A former professional life brought me to New York City every couple of weeks. Routinely flying into LaGaurdia Airport in Queens, (no, this article is not about the horrendous state of the terminal Air Canada is located in) I was afforded a wonderful view of the New York World’s Fair location as we approached the runway. The skeleton globe, the monolithic structures, and the tree-lined paths remain an iconic reminder of a time when the world would gather with pilgrimage fashion to be awe-struck by the grand possibilities of the future.
During its heyday, the fair held a sense of wonder and aspiration for its visitors. In 1889, the Eiffel Tower was built in Paris, in 1893 the world was introduced to the Ferris Wheel in Chicago, and in 1939, broadcast television was inaugurated in New York. Expo ’67 held in Montreal left the city with iconic architecture and, for a time, a Major League Baseball team named after it. Themes such as “The World of Tomorrow”, “Dawn of a New Day”, and “Peace Through Understanding” captivated the world with the promise of unimaginable spectacle. But today, with the proliferation of the Internet, there is less need for the Expo. Our present inundation of information about new technologies, new designs, theories, advances, and plans for the future are readily available in an endless stream of images, articles, tweets, websites, and data.
Today our pilgrimage has been reduced to a drooling stare into an LCD screen. And so, I wonder whether there is still value for cities to host the World’s Fair?
Held every five years, the World’s Fair (or World’s Expo as it’s also known) is a six-month long showcase of trade, innovation, and products from around the world. The Expo was held in Milan last year and the next one will be hosted by Dubai in 2020. Lately, and most likely in part because of the success of the Pan-Am Games, there have been rumblings about Toronto bidding on the 2025 World Expo. It is a chance to once again showcase our city on the world stage while continuing to push our mandate as a place rich in innovation, financial stability, and livability.
But still, is it worth the cost? Toronto Mayor John Tory, while not opposed to the idea, has intelligently taken a cautious approach; there are many unanswered questions related to cost and effort – questions that must be ironed out before any sort of decision is made.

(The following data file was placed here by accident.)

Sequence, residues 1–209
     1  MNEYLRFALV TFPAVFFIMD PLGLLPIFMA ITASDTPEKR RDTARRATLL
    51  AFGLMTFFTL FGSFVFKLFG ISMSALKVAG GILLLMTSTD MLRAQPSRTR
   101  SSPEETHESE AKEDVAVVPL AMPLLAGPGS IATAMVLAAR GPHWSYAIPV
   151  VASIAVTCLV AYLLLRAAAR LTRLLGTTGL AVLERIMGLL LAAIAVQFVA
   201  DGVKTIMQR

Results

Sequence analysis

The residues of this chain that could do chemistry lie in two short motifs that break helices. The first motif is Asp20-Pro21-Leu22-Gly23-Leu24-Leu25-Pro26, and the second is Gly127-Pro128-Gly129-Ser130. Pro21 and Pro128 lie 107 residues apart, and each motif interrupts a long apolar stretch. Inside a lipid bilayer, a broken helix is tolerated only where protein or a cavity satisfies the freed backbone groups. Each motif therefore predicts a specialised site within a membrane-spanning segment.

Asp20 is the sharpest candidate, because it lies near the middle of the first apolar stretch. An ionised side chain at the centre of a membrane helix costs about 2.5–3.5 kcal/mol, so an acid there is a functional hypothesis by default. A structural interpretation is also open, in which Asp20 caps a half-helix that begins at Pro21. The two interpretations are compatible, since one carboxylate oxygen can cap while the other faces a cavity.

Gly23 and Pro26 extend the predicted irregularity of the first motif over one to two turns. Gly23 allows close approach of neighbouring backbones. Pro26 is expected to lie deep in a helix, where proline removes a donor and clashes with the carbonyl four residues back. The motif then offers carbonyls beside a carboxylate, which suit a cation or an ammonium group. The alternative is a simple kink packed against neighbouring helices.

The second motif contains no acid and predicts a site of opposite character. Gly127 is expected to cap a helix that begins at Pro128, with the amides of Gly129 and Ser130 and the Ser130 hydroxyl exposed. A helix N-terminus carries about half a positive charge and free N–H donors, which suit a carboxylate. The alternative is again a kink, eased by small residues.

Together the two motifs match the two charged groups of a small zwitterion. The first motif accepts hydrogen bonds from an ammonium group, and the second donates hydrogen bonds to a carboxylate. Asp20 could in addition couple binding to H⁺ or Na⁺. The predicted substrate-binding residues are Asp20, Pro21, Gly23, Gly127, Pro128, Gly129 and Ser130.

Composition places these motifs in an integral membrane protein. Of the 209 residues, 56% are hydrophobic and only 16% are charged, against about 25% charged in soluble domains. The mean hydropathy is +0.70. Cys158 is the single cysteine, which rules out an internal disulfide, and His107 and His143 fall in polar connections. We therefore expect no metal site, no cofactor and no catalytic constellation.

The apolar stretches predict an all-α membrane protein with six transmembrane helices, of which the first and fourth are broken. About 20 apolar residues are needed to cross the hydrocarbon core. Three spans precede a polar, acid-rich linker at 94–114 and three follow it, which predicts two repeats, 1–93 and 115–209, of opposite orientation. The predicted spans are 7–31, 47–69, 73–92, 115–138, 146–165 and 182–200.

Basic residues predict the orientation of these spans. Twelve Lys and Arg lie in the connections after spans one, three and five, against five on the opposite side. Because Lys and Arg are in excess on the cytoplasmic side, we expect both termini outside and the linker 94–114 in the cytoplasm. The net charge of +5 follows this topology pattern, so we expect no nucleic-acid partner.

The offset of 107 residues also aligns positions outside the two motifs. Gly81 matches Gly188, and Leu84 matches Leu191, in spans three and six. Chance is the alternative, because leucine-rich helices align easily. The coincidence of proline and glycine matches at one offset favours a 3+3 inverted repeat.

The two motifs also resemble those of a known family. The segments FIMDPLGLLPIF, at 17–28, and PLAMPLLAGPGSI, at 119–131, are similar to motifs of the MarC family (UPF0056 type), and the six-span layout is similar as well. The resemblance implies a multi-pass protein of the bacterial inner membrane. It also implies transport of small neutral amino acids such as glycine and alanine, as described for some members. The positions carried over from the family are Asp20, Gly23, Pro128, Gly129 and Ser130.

Now, cost and effort aside, the other question that must considered revolves around theme. What grand proposition will be used to inspire the world to once again care about the World’s Fair? How are we going to put our stamp on an event that’s become largely irrelevant? How can we harken back to a time when the world of tomorrow was not so easily available through a few clicks? And most importantly, how do we balance the need for commercial capital without an overly branded marketing experience for the companies that foot the bill?
Here are a few areas of inspiration that may help:
- Apple and Tesla Product Launch Format: the ability to keep new product designs and details under wraps from the media, while driving excitement and anticipation, is the fuel that powers both company’s marketing-driven sales. If the Expo could showcase things that were truly ground-breaking with a hotly-anticipated reveal, it would certainly help drive buzz.
- Influencer Participation: gathering the best of the best in all fields to not just showcase their ideas, products, and plans, but to buy-in to the World’s Fair concept will help spread the word by association. If the most influential people in their fields participate, the rest will follow.
- Integrated Projects: gather experts and leaders from a variety of industries to create conceptual works that fit into their unique visions of the future. Don’t worry about feasibility, worry only about inspiring people’s imaginations.
- What Happens After: when the Expo is complete, what will be left? What types of architecture will remain permanently that future generations will look at with awe and wonder. Let’s build something that lasts.
Regardless of whether or not we bid on the Expo, the process of discussion should provide a valuable template for how we aim to push Toronto into the future as it relates to innovation. The notion of the world of tomorrow is still very much alive today.